Soul, an inquiry concerning, 276.-292.
Sprague, Rev. William B., D. D.-Hints designed to regulate christian intercourse,

292, defect as to final impression, 309.
Ticknor, Caleb, M. D—Philosophy of living, 439.
Temperance Societies-opposed by Bishop Hopkins, grounds, of objection ex-

amined and refuted, 244.-253.
Theology, Natural-iis importanco, 179, the argument of design not strictly in.

ductive, 182--184, but surer and safer, 184, 185—design and nature of the ar-
gument from, 182, conclusive in its application, 187 : Examples in the mate-
rial world, 190.-195, in the intellectual, 196; ultimate design of God, with
regard to man, 200; its character, 203—true position, 204.
Tholuck ou John, its excellencies as a commentary, 234, contrasted with Kuinoel,

325, 326.
Thoughts—importance of precision or condensation in, 400.
Tyndale William,-sketch of his life, 618; Birth, early studies, 620, ordination,
first attempts at translation of the new testament in English, specimen, 621 :
persecuted, Aees to Germany, 625 : translates and publishes the testament in
English, 626 : efforts made to suppress its circulation, 627 ; effect, 629 :
his tracts, 630 : chaplain to the English merchants at Antwerp, efforts made
to get him to England 631, his noble sentiments 632--634, his life at Antwerp,
635, is betrayed, 636, imprisoned, and put to death, 636, comparison of his

testament with Wiclif's, 039.
Wesley, John—“on the Witness of the Spirit,” 353--368—his character, 355,

the doctrine of his discourse—a real impression-felt before the commenco-
ment of holiness, its divinity can be instantaneously demonstrated-identical
except in its office with the views of the Quakers, 356-367 : Evil tendency
of the doctrine, unwarrantable fancy of mysticism, extravagant and wild in its
principle, 388, destroys healthy action of christians, by creating intemperate
demand for excitement, 363, spasmodic religion, 365, declension and insensi.
bility, 366.
West, Dr. Stephen,-father of the divine-efficiency scheme, his views, 172, 173.
Winslow, on civil and social duties, 151--160.
Wordsworth and bis poetry, 127--151.
Worship-modes and forms of, examined, 258.- 260.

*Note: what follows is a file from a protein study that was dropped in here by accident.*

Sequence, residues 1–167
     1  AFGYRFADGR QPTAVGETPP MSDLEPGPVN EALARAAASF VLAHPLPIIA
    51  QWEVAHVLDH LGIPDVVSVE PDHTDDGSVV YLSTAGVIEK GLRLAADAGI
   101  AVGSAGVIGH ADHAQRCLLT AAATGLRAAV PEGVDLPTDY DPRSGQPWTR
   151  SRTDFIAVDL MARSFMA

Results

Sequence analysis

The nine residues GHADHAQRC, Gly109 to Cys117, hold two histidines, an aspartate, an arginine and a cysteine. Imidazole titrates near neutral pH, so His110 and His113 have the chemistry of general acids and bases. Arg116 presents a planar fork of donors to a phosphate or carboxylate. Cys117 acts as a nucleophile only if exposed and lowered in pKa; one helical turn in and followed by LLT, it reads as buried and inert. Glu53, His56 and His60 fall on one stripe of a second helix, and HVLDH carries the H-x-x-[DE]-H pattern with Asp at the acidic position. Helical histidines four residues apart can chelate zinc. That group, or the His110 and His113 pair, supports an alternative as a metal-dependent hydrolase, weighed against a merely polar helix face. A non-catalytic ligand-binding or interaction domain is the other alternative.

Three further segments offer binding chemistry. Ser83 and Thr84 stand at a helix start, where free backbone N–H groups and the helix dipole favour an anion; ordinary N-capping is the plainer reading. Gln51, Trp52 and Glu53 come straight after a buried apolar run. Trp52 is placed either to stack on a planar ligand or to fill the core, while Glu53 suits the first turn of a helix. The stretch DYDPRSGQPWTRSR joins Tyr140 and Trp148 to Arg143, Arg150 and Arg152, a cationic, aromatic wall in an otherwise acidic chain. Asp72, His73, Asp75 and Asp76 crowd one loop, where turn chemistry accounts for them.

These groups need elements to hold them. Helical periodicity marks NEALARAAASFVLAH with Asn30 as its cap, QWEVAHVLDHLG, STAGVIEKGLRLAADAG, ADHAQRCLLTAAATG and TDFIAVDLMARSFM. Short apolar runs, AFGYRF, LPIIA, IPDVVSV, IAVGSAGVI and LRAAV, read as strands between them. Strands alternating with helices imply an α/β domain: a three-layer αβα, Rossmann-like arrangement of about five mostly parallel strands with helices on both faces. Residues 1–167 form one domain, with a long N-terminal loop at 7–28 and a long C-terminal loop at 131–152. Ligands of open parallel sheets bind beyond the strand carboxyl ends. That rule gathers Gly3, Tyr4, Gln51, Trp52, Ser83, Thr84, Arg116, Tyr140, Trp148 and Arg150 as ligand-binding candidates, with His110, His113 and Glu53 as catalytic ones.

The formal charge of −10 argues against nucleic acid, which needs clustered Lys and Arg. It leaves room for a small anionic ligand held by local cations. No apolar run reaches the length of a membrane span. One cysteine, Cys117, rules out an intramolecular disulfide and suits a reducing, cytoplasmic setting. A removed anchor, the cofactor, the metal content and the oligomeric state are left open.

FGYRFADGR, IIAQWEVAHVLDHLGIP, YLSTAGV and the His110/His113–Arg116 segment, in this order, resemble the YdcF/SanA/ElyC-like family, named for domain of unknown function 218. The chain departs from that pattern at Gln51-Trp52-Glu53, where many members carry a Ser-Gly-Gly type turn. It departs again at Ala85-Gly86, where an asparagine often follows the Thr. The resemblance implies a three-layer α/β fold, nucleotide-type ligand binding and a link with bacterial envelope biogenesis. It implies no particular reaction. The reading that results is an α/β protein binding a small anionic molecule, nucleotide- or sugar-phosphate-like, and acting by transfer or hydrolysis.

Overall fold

THE

QUARTERLY

CHRISTIAN SPECTATOR.

VOLUME VIII.-NUMBER I.

MARCH, 1836.

ART. I.-THE DOCTRINE OF A PARTICULAR PROVIDENCE.

To a thoughtful, and especially to a thoughtful and serious mind, the world in which we live is one of deep and solemn interest. Like a bright and beautiful abode, into which, for the first time, we have just entered, every thing in it is fitted to remind us of some invisible agent, who bas produced the effects that we witness, and to impress us with the presence of some mighty but unseen power, which is every where acting around us. Above are the hosts of heaven, walking in majesty and splendor, or fixed as radiant points of the glory of Him who made them, kindling up the day, adorning the night, and ever rolling onward summer and winter, seed-time and harvest. Around us are the varied aspects of animal and physical being; the inineral kingdom, with its forms of beauty and its fitness for use; the brute creation, in air, and earth, and seas, sporting in conscious enjoyment, or providing for their various wants; the fruits of the earth, supplying us with our daily food, and the flowers of the field, robed in their garments of brightness and beauty, 10 perpetuate their kinds and minister to our delight. In all these departments of nature,-in ourselves, in everything, changes are ever going forward, which no created power could produce, and in which no visible band is seen; and on every side, events are constantly transpiring, which set at nought our calculations, defeat our plans, and desy our control. And what is the power wbich is thus at work around us? whose the hand ibat rolls onward these changes, and guides them all to the best final results? Tie atheist, (if there be such an unthinking monster,) may talk of chance, and the fatalist, or the necessities of things; but they both prate in unmeaning language. Infidel science may tell us of physical causes; but the last possible causes which the analysis of science can reach, are themselves effects of some antecedent Vol. VIII.

1

cause,-a cause which cannot be physical. Philosophy may conjecture, and tradition allude to, an over-ruling providence ; but the experience of heathen antiquity shows us, that they could never inspire the assurance of its certainty. Tradition and pliilosophy do indeed afford a very strong presumptive argument of its truth. But it is only from revelation, that we know, with the clearness of demonstration and the confidence of faith, that God is present in all his works, administering with perfect wisdom and goodness all the affairs of bis wide dominion ; extending bis watchful care to every being and every event, from the rolling of worlds through space, to the falling of the sparrow on earth, from the glorious scheine of redeeming grace, to the numbering of the very hairs of our heads.